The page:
Hardly a day goes by when Perk is not approached by a male guest who explains that he is going to help his wife and children fish the women's and children's pond, "but don't worry, Perk, I won't be fishing myself, I'll just be helping them" and five minutes later Perk will look out his little office window and see that the man is helping them by baiting the hook, making the cast and pulling in the fish. One day he strolled down to the pond and said to a particularly persistent offender: "Mr. Peterson, my main concern is: Where's your dress?" Peterson left in embarrassment. But Perk flatly denies the often-repeated report that he once threw out a man in full female attire. He does not want to be known as a person who discriminates against anyone, including female impersonators. "You have to be diplomatic," Perk says, "but at the same time you can't relax the rules. This greed that's in all of us—the greed for money, the greed to have more than the next fellow—it shows up in fishing, too. Out of every 50 people that come here there's maybe one that'll say, 'I caught my limit of fish and I threw 'em back.' The other 49'll say, 'I caught my limit of fish, and here they are. Look at 'em!' Why, if I let some of them fish in the ladies' pond, they'd use dynamite caps!"

"Perk," I said, "I'd gladly throw back every trout I caught, but I didn't come here to fish for hatchery trout. Now what do you suggest?"

Perk's eyes rolled wildly. Later I was to realize that he was resisting the temptation to let me in on the secret, but at this point I didn't even know that there was a secret to be let in on. He was still sizing me up, and there were still tests for me to pass, frustrations for me to endure. Now he named another one. "Waterdog Lake!" he said. "You'll clean up on 'em at Waterdog Lake." I asked directions and wrote feverishly on the back of a postcard as Perk rattled out the route. "It's mostly straight up," he said. "The lake's around 11,000 feet, and we're around 9,000 now. You go through the lower gate—make sure you're in low gear—and head up the side of that hill. Don't worry about the road—I made it myself." His instructions included an admonition not to drive across the upper meadows—they were sodden with runoff, and tire tracks would develop overnight into rivulets and brooks—and a warning about bears. "They won't bother you, but there's a lot of 'em up there, and if they have cubs with 'em they can be grouchy." I laughed inwardly—good old Perk was really laying it on thick. He told us to remember to take a left turn or we'd wind up mired in the mud. "Joe killed a porcupine up there the other day and it's still there," he said. "Just turn left at the porcupine."

Su packed a lunch, and we began the grinding journey up from the Gunnison Valley. What Perk had lightly referred to as a road turned out to be a corrugated nightmare of gullies and rocks and fallen trees and holes, and we rattled around inside the jeep like the occupants of a Waring Blendor. "Enjoying the r-r-r-ride?" I called to Su.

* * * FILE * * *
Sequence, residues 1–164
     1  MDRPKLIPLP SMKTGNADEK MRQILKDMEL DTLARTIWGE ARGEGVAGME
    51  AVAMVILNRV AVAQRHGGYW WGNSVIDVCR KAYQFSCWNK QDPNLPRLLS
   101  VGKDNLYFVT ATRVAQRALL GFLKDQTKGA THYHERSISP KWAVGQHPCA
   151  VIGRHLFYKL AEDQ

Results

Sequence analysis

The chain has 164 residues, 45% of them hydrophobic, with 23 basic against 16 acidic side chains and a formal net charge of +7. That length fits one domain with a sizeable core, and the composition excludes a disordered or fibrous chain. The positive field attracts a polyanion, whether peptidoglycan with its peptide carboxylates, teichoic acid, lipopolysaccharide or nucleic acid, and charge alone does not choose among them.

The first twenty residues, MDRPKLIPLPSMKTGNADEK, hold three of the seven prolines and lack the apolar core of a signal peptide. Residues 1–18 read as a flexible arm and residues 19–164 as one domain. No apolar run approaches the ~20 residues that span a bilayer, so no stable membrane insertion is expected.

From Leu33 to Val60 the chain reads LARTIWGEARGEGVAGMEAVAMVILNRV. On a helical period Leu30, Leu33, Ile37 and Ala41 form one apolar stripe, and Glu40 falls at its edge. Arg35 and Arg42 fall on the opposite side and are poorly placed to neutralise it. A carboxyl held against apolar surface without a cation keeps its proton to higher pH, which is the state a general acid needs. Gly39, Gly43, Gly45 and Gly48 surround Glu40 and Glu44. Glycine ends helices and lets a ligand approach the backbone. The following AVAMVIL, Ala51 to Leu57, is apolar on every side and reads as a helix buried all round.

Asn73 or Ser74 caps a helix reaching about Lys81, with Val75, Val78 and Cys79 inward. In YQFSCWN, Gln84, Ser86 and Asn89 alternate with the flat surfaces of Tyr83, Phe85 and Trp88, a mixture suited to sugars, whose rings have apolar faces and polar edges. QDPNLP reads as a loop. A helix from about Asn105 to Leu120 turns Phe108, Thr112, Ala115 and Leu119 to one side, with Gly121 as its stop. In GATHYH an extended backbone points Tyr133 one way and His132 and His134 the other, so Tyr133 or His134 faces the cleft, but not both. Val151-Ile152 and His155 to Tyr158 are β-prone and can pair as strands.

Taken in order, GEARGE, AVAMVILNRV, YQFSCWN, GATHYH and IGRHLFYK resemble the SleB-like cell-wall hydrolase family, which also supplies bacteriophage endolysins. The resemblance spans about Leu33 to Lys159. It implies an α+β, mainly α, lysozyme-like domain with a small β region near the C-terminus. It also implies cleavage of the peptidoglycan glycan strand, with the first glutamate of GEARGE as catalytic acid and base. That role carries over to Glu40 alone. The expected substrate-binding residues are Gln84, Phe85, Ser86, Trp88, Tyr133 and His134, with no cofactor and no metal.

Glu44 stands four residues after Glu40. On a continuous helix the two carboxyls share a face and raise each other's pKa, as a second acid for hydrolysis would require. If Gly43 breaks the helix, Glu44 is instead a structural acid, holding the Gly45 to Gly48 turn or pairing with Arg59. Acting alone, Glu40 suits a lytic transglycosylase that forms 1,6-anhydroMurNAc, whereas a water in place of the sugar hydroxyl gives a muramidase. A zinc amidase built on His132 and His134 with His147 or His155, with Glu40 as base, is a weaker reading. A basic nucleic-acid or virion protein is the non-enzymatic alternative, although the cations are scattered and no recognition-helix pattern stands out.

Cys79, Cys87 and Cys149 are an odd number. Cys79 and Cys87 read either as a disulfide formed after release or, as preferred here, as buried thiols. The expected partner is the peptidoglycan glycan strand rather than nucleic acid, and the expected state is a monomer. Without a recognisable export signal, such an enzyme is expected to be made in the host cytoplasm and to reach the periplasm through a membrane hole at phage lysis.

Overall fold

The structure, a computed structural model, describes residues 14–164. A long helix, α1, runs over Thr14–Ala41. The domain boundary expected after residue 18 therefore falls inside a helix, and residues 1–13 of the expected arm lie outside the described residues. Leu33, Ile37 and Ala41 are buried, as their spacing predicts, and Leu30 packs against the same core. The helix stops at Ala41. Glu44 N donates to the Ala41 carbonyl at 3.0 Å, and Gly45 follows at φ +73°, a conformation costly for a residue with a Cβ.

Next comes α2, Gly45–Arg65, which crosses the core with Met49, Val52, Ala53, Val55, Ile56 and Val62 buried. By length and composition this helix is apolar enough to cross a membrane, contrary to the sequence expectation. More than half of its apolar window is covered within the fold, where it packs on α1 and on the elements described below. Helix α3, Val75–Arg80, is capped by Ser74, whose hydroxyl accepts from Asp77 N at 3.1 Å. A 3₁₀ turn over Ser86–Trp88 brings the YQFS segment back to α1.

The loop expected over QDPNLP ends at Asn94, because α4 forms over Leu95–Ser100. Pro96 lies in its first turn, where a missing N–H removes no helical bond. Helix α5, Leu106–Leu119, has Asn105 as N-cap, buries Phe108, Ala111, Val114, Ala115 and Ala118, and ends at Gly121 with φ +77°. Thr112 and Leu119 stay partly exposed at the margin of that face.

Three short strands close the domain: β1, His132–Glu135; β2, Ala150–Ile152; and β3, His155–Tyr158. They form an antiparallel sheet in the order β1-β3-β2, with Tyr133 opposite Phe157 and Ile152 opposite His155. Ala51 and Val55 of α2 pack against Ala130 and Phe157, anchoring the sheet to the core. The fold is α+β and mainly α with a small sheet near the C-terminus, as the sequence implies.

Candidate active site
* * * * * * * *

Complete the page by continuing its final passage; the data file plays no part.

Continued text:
"N-n-n-n-n-n-n-n-n," Su explained, "-o."

We emerged briefly into a rolling meadow dotted with a hundred or so Hereford cattle but were soon through it and back into the deep woods. We ran along a stream bottom, then came to a few steep pitches that required compound low and a running start and strong faith in the sturdy jeep. It was like driving up a forehead on Mount Rushmore. Every now and then I had to stop and get out and remove a tree trunk or boulder from our route—proof that we were the first drivers to make the trip up to Waterdog that season.

At last it came into sight—a big lake, almost a mile long, clear and blue and so cold that a hand immersed in it tingled for minutes. At 11,200 feet the lake was just below timberline, and around its shores the final spruces and aspens and pines of the highest altitudes fought for a footing, some of them dying out and others living a compromise life of miniaturization. There were mosses and lichens and some slender, wiry grasses, and here and there a patch of wild iris of electric blue. The aspens were gnawed at elk-head height—monuments to severe winters—and a few tender shoots of pine had been completely denuded of bark by porcupines. If there had been good fishing in the lake, the scene would have been idyllic. If. We flang everything into the cool blue depths, but we couldn't raise a strike. We tried flies, wet and dry; nymphs, weighted and unweighted; spinners, Colorado and Indiana; flatfish and spoons and streamers and even a little lure shaped like a kitchen sink and called "the Kitchen Sink" so that anglers could go back home and brag that they had thrown everything at the fish including the kitchen sink. But trout that would not hit classic lures would not hit gimmick lures either. Looking to left and right and finding ourselves alone, we dug for worms and fished them high and low without a strike. After three hours without so much as a single hit we decided to quit. The vote was 2-0.

We were halfway back down and just inching our way through a thick copse of aspens when Su let out a yelp and did a perfect little jump from her seat into mine. "Hey!" I shouted as I struggled for control.

"A bear!" she said. "Step on it!"

"I'm not going to step on any bear," I said.

"The gas, stupid! Step on the gas!"